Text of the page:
SALT LAKE CITY — For years, R.C. Wiley has been using celebrities to endorse their products, from former Jazz coach Frank Layden to retired NBA star Tom Chambers.
So it's no wonder that the local furniture giant R.C. Wiley recently turned to Paige Davis, actress and host of "Trading Spaces" to raise awareness of the company's brand and image.
"Celebrities get people's attention more than a CEO or a professional," said Clark Yospe, marketing vice president for R.C. Wiley.
While companies have been pushing products through endorsements since Chuck Taylor donned a sneaker, today's celebrities are using media for a different purpose: to affect change and impact social issues, from Charlton Heston's support of the NRA to Scarlett Johansson's appearance in a commercial for Planned Parenthood. But without real expertise, experts say, a celebrity's input may only be worth two cents.
Klout, a website that measures an individual's social-media influence, reports that actor and social-media guru Ashton Kutcher has "the largest, most engaged audience possible" following his Twitter account. According to the website, Kutcher has a "true reach," or a total number of engaged followers, of nearly 3 million. The number is based on how many followers shared or acted upon Kutcher's posted content.
The "That 70s Show" actor has tackled issues like human trafficking on his Twitter page, which has more than 7 million followers.
Celebrities like Alec Baldwin and Lady Gaga flooded Twitter with rejoice when gay marriage passed in New York.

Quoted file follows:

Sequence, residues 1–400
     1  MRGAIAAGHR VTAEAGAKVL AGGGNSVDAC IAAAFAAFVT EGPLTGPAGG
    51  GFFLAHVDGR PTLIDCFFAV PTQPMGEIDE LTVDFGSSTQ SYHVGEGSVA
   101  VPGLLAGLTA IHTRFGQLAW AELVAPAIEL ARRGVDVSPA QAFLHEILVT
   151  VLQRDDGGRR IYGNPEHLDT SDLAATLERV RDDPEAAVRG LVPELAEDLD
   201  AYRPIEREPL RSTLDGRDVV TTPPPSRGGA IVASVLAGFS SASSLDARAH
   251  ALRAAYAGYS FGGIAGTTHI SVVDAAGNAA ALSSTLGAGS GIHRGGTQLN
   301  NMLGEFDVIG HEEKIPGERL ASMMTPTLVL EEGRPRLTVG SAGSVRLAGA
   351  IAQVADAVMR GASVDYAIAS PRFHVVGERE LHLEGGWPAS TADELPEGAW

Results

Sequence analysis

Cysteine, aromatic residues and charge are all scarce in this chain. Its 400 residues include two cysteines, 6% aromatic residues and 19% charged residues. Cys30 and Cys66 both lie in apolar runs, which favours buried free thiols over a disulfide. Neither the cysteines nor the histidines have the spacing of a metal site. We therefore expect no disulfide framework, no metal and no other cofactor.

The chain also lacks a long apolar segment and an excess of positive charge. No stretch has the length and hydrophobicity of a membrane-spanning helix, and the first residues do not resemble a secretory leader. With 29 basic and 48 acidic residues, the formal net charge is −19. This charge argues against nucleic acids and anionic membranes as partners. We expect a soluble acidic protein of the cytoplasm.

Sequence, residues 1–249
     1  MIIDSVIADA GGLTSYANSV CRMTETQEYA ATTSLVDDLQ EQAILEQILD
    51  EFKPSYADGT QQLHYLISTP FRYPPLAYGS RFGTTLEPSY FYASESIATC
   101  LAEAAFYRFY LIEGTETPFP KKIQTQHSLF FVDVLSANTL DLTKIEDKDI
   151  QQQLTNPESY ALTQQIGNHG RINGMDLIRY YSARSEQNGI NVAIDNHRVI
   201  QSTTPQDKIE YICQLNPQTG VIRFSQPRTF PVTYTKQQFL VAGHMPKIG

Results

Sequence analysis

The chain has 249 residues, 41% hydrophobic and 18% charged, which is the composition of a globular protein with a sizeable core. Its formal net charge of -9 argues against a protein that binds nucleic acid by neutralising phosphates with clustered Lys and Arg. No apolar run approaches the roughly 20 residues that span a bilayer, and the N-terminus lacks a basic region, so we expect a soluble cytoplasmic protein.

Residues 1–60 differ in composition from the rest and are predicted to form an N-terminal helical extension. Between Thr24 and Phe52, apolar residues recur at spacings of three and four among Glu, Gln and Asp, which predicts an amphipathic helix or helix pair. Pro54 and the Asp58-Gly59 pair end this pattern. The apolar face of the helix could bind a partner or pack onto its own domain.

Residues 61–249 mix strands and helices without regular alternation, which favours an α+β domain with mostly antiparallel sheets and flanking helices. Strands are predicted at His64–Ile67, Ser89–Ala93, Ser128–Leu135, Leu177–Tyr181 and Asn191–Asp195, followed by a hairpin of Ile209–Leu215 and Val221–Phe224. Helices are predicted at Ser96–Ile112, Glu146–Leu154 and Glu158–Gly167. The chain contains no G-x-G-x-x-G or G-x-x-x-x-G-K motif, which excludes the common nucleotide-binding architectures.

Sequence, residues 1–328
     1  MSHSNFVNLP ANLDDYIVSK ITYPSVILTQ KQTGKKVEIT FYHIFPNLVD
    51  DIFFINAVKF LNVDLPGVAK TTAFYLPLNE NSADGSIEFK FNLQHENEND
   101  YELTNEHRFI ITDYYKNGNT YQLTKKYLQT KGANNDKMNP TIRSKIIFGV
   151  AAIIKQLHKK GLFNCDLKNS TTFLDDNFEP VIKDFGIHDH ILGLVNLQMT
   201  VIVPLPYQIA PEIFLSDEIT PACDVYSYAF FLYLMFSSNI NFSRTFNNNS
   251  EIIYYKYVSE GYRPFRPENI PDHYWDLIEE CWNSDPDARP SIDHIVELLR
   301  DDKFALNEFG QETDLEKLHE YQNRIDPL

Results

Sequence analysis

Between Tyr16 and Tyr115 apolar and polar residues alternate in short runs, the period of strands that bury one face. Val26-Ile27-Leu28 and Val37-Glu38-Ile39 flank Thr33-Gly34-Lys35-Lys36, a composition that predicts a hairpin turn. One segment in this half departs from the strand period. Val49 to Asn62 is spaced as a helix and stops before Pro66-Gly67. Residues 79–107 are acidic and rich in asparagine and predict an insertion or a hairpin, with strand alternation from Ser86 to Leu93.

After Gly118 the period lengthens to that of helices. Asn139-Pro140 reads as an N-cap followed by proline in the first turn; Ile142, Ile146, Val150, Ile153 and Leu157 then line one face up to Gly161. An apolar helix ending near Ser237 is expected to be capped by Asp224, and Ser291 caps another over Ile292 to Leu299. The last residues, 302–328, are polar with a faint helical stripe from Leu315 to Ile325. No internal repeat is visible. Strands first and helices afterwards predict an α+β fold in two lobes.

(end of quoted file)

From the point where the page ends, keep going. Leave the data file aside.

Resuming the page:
But can celebrities with influence, like Kutcher and Baldwin, shift the opinion of millions with a tweet, cameo or comment?
Craig Frizzell, a political science lecturer at the University of Wisconsin-Parkside, doesn't think so.
He said the likelihood of a star swaying public opinion is greater depending on how influential the celebrity is to the individual. Also, if an individual who doesn't follow the government closely sees a celebrity who seems knowledgeable speak about politics, then they may be more likely to listen.
Overall, however, a celebrity has little power to change social policies.
"Politicians are still going to be more concerned with keeping their constituents happy than what a celebrity thinks," Frizzell said. "Our reception of information is so colored by previously held beliefs that it is unlikely that a celebrity will change someone's opinion."
Frizzell said the only thing celebrity endorsement typically affects is the amount of awareness of an issue.
Susan K. Whitbourne, a professor of psychology at the University of Massachusetts-Amherst, disagrees.
She wrote a recent blog post for Pyschology Today on a study conducted by a team of Dutch researchers on why famous faces sell.
In the study, a group of young women were shown images of shoes coupled with faces of celebrities and pictures of the same shoes with non-famous women. The areas of the brain involving emotional stimuli were more likely to be activated when the product was coupled with a famous and familiar face, illustrating the transfer of positive feelings between stars and products.
Whitbourne said that the same emotional connection can occur with social issues, thus influencing opinions.
She acknowledges that celebrities can create more public awareness about social issues, which she thinks can be beneficial to people who would otherwise remain ill informed.
In her article, she provides a series of suggestions to avoid a situation where feelings cloud judgment, which include understanding the difference between fame and expertise and turning off your emotions when making purchasing decisions.
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